JOHANNESBURG, South Africa -- The violence and anger of the last week have raised serious anxieties about the future of the political reform process that was pushing this country away from its racist past.
At the moment, the reform process seems to be in greater jeopardy than at any time since President F. W. de Klerk won election in September 1989 and released Nelson Mandela from prison five months later.
Since the Mandela release, South Africa has been on a steady, though sometimes bumpy, course away from the politics of white domination and black underground resistance. The old ways had been replaced by a new politics of negotiation, which was overwhelmingly endorsed by the white population in March in one of the high points of this country's troubled history.
But in little more than three months, things have plummeted dramatically, and the country is in danger of slipping into chaos and armed confrontation.
"This is the most serious trough into which the whole process has fallen since the unbanning of black political organizations," said David Welsh, a political analyst at the University of Cape Town.
"What happened last week threatens the very process of negotiations," said Kader Asmal, a member of the African National Congress' national governing committee.
He referred to the massacre of 40 people in the small black township of Boipatong last week, an event that has jolted the nation, shaken the government and turned a large spotlight on the problem of violence plaguing black communities.
On Sunday, Mr. Mandela said he was suspending bilateral talks between the government and the ANC, its major negotiating partner, because of the ANC's position that government security forces are either instigating the violence or not trying very hard to stop it.
Yesterday, the ANC pulled out of the multiparty talks. Other groups -- 19 are involved -- agreed to a postponement, and no new date was announced.
The multiparty talks deadlocked in May when the government and the ANC could not agree on how to write a new constitution. A meeting today was to have been an attempt to break that deadlock.
While Mr. Mandela has been talking with Mr. de Klerk's government, violence in the townships has claimed thousands of lives and black poverty has worsened as a result of a 3-year-old recession.
The government tries to turn the blame back on the ANC, saying its latest strategy of protests and strikes aimed at pressuring the government at the negotiating table has created a climate of tension and paved the way for violence. The problem with that theory at this particular time is that ANC supporters were at the receiving end of the massacre last week. Boipatong is an ANC stronghold, and the massacre there is fast becoming a rallying point for ANC militants.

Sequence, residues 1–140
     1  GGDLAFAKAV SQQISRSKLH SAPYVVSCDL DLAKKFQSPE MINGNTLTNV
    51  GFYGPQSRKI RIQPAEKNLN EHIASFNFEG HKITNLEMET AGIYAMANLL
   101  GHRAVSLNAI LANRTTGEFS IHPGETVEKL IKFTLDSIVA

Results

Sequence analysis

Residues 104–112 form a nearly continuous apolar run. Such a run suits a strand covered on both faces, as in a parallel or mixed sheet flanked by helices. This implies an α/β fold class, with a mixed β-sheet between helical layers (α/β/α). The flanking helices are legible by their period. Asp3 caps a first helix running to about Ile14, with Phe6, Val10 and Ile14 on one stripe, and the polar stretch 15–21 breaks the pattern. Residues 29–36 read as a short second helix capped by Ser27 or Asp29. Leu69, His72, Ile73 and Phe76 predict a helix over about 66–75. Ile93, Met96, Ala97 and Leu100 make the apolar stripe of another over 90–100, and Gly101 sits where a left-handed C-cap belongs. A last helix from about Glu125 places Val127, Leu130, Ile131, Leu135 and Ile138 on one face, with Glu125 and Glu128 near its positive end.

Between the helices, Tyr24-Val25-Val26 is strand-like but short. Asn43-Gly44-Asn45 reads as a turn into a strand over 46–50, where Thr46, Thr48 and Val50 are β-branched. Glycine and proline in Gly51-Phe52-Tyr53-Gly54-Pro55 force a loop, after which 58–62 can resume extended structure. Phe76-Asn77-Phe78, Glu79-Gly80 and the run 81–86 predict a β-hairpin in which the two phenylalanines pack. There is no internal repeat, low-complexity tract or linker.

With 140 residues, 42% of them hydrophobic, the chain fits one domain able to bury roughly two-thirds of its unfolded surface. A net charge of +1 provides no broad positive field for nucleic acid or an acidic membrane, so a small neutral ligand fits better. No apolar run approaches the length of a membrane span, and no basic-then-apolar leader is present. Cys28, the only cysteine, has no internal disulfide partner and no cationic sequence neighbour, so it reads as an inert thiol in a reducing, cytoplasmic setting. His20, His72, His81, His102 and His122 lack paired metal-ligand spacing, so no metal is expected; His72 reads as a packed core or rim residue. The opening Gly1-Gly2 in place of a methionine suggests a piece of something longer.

Mr. Mandela's followers, convinced that the government is conspiring with a black rival organization -- the Zulu-based Inkatha Freedom Party -- to undermine the ANC, have been demanding guns instead of words from their leaders in the past few days. Many believe Boipatong is proof that negotiations will NTC deliver nothing but grief to their downtrodden communities.
Mr. Mandela, outraged and perhaps also concerned that his angry followers might decide he is not tough enough, on Sunday unleashed his strongest attack ever on Mr. de Klerk. That followed Mr. de Klerk's political humiliation Saturday, when residents of Boipatong literally ran him out of the township, giving him his first personal encounter with the rage that simmers just beneath the surface of black townships.
"The reality is that South Africa is full of anger," said Lloyd Vogelman, director of the independent Project for the Study of Violence.
In response to his humiliation, Mr. de Klerk immediately began talking about reimposing a state of emergency -- evoking the Draconian laws that came to characterize the nature of apartheid before they were dismantled.
Mr. Vogelman said both sides are in extreme danger of reverting to their pre-reform stands -- repression by the government and, on the other side, guerrilla warfare and mass protests.
If that happens, the future of South Africa could be as dark as its past. All hopes for a democratic, peaceful, apartheid-free future are pinned to negotiations.
The problem is that negotiations require at least a shred of trust or good will, and at the moment every shred that existed between the ANC and the government has disappeared. Neither side believes the other is serious about negotiating. Mr. Welsh thinks it might be possible over time for the two sides to rebuild the trust they have lost. But the question is what happens to the young militants on the ground while the leaders relearn the language of negotiation.
Both Mr. Mandela and Mr. de Klerk could lose control of their constituencies before they regain control of the negotiations.
"We are looking at a major crisis," Mr. Welsh said.